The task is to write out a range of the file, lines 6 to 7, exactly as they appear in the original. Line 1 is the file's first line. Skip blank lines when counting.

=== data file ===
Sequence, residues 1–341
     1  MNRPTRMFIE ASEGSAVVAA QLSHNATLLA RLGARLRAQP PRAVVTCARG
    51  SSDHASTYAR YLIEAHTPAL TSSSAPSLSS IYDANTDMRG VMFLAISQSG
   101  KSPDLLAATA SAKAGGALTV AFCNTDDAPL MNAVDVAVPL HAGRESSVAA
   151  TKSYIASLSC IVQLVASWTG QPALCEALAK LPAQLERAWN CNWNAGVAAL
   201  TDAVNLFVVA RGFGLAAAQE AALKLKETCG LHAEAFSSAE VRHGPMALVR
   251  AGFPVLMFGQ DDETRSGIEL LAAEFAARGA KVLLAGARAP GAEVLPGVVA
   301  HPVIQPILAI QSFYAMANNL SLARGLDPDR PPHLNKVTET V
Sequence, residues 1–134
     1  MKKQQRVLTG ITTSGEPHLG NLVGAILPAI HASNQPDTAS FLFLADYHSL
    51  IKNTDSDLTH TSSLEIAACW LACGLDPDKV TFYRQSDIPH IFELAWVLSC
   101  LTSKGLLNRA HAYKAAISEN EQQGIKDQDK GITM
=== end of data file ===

   201  TDAVNLFVVA RGFGLAAAQE AALKLKETCG LHAEAFSSAE VRHGPMALVR
   251  AGFPVLMFGQ DDETRSGIEL LAAEFAARGA KVLLAGARAP GAEVLPGVVA